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A popular watchdog group told the makers of 5-Hour Energy that the “No Crash” claim was unfounded and asked them to stop making it. That was five years ago.

On January 2, 2013, The New York Times published an article reporting that 24 percent of those who used 5-Hour Energy suffered a “moderately severe” crash hours after consuming the drink.

Living Essentials, the company that manufacturers 5-Hour Energy has been aware of the issues surrounding the “no crash” claim since National Advertising Division began reviewing their marketing claims in 2007. A spokeswoman from Living Essentials said they amended their no crash claim, by adding an asterix and advising that “no crash means no sugar”. This separates 5-Hour Energy from the completion because Red Bull and Monster contain sugar.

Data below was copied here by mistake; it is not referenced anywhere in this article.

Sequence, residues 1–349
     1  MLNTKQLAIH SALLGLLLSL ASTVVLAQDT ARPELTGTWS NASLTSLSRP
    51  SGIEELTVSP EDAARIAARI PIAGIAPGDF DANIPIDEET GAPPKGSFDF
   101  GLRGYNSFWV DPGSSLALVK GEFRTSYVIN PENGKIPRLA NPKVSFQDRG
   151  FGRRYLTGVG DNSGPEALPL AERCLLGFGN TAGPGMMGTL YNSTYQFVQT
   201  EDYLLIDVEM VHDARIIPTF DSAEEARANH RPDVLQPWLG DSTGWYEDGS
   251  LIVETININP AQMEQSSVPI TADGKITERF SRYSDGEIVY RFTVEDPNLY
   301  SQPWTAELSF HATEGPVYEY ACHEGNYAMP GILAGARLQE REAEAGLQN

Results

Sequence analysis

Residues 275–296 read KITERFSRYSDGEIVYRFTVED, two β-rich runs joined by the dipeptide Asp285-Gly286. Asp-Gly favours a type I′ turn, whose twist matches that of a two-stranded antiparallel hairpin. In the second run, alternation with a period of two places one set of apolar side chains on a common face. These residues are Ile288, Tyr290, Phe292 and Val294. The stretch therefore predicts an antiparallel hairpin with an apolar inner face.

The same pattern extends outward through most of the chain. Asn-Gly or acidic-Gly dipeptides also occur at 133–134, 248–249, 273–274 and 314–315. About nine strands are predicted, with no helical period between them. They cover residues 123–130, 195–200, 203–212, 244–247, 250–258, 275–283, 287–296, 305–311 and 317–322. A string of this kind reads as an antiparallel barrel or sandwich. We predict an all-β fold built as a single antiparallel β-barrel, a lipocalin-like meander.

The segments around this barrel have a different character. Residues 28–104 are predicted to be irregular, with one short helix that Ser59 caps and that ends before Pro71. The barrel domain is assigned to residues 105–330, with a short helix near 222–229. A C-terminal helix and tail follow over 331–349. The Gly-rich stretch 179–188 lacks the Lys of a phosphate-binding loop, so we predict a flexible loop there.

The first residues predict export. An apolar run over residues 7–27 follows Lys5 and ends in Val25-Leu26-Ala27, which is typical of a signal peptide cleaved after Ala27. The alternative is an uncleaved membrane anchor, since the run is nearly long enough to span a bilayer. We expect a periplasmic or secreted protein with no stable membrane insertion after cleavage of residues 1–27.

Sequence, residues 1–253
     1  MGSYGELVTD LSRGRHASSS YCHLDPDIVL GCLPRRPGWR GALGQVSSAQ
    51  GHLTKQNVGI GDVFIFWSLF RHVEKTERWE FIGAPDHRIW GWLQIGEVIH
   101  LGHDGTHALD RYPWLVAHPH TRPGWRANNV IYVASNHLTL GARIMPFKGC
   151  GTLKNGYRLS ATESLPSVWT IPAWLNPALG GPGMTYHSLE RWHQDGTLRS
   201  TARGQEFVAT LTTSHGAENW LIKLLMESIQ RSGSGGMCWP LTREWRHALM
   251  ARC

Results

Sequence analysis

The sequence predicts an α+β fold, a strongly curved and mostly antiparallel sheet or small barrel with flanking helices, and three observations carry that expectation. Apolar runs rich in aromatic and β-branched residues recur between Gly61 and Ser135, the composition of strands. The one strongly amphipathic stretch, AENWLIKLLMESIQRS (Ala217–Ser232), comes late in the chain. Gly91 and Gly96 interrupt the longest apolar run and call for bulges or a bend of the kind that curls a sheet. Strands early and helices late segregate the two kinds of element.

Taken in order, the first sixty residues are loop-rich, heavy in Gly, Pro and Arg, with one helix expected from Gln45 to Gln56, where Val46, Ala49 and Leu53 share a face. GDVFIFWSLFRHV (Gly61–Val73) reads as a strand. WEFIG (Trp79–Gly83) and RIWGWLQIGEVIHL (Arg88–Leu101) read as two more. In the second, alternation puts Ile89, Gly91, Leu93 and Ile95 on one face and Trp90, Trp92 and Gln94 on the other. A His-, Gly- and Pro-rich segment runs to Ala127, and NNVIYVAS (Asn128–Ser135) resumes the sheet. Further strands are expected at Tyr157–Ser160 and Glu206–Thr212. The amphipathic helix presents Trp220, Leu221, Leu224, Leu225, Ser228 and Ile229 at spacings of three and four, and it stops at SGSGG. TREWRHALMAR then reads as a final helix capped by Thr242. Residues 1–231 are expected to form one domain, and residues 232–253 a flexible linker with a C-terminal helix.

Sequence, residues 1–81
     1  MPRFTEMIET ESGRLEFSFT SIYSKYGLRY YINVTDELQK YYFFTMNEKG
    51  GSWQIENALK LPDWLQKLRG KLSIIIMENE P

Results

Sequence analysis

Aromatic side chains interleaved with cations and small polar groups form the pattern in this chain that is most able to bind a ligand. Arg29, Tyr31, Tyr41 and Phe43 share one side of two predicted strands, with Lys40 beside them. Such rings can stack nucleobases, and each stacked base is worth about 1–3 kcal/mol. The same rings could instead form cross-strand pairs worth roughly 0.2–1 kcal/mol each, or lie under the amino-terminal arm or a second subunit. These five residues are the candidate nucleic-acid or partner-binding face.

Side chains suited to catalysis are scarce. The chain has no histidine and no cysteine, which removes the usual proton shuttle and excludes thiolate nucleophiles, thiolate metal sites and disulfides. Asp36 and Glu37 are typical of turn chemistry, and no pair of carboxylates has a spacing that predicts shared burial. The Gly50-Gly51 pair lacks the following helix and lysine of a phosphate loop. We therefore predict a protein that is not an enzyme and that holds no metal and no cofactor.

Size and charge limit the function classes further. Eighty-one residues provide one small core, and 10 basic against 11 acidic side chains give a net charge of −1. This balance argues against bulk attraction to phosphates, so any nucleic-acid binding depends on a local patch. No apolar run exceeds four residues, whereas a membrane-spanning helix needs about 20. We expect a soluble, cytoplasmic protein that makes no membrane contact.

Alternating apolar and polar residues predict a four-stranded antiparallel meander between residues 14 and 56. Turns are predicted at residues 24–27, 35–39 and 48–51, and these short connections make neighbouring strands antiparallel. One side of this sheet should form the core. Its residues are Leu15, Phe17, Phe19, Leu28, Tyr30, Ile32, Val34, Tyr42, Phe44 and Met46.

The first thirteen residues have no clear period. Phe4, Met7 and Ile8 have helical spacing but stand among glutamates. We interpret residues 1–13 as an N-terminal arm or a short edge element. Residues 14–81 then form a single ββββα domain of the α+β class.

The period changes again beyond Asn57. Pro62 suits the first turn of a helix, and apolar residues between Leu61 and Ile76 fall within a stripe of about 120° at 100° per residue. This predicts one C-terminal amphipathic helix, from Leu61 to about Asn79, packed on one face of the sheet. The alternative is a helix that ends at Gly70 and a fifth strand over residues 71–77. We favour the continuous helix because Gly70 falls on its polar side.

Living Essential’s 2007 study did show evidence that 5-Hour Energy resulted in less of a crash than Red Bull and Monster Energy, but it also showed that 5-Hour energy users did experience caffeine-related crashes. This inadequately supports their “no crash” claim.

The Division was not happy with the amended language and asked Living Essentials to stop using the “no crash” claim altogether. “Companies are not permitted to mischaracterize our decisions or misuse them for commercial purposes.” said a spokeswoman from National Advertising Division.

The makers of 5-Hour Energy believe the “no sugar crash” language is sufficient enough to address the watchdog’s concerns.

If the National Advertising Division does not receive an adequate response, they will turn this matter over to the Federal Trade Commission (FTC).

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